Physician who overcame job burnout pays it forward to encourage medical students to pursue their passions in health care
By Karen Doss Bowman
Photography by Joy Cannis
Kara J. Pepper, M.D. ’05
For Kara J. Pepper, M.D. ’05, the drive to perform at the highest levels began early in life. A former professional ballet dancer, Dr. Pepper’s drive for perfection and work ethic eventually upended her work-life balance, and she came close to leaving medicine.
“Ballet dancers and doctors are essentially the same people,” Dr. Pepper wrote in a recent blog. “Long before I entered medicine, ballet taught me the skills that made me successful in my clinical practice.… I strived for excellence and was rewarded for these efforts.”
Less than a decade into her career as a primary care internist with Laureate Medical Group in Atlanta, burnout caught up with her. During a sabbatical, Dr. Pepper “prioritized myself as my most important patient,” pursuing therapy and life coaching. The experience, she said, was transformative.
“I found a way to rebuild my life that was meaningful and sustainable,” said Dr. Pepper. She returned to her practice, which has a special focus on eating disorders — an area of personal interest because her ballet career ended due to eating disorder-related injuries. She also earned life coach certification and now supports other physicians through individual and group coaching to deal with issues including burnout, perfectionism, impostor syndrome and career transition.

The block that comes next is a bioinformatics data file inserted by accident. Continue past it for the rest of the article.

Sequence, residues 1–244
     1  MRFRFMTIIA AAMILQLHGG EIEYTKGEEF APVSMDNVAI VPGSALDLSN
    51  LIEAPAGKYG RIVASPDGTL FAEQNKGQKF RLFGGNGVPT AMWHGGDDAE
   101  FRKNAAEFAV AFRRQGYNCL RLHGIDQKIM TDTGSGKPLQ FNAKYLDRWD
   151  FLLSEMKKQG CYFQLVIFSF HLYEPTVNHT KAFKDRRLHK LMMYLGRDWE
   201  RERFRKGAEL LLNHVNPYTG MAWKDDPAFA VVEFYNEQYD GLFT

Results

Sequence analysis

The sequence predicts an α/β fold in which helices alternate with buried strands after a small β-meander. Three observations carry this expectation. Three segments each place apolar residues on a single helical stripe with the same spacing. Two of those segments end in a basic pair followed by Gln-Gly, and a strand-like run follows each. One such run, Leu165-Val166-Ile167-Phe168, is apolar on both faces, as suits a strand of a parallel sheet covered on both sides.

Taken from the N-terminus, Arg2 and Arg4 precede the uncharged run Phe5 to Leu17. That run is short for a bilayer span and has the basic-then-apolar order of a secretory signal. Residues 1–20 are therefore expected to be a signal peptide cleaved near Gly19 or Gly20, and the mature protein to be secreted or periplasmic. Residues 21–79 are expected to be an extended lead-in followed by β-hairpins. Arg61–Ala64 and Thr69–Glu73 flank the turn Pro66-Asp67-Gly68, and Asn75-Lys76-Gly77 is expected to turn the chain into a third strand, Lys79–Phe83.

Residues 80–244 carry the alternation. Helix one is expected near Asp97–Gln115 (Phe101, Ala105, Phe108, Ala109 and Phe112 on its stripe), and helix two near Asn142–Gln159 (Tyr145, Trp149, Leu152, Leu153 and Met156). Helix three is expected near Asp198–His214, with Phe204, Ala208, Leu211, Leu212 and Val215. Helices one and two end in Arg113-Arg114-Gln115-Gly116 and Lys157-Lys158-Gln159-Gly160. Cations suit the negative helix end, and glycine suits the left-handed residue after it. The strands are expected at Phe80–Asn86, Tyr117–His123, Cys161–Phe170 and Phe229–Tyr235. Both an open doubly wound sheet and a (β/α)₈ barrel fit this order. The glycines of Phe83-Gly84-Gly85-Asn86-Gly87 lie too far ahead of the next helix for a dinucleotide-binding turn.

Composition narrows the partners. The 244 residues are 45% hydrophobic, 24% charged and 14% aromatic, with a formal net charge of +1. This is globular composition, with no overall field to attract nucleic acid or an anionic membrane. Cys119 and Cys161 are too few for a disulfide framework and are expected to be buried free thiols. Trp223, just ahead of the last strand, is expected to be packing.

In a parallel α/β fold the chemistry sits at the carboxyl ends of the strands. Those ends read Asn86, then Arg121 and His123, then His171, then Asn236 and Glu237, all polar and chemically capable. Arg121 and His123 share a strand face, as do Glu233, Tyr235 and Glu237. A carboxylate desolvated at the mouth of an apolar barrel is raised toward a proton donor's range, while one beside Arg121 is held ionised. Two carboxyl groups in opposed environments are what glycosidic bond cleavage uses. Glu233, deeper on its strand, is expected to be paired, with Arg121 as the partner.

Despite the career burnout she experienced, Dr. Pepper said her time at the Miller School was supportive and encouraging.
“These were among the most fun years of my life,” said Dr. Pepper, who was recognized last year as one of Atlanta’s Top Doctors. “The culture was supportive, safe, and really just allowed us to be human. It was a place where I could grow and try things and figure out who I was as a physician.”
Grateful for the scholarship that helped fund her education, Dr. Pepper gives annually at the leadership level. She primarily donates to the John K. Robinson Fund, which supports scholarships and travel grants.
“Many medical students feel compelled to choose one career path over another based on the income they can earn and their ability to pay back their loans,” said Dr. Pepper. “If scholarship funding allows students to have more freedom of choice, that is everything. We desperately need passionate, encouraged, empathetic doctors in this world. That’s why I pay it forward.”
To donate to the John K. Robinson Fund, visit miami.edu/johnkrobinson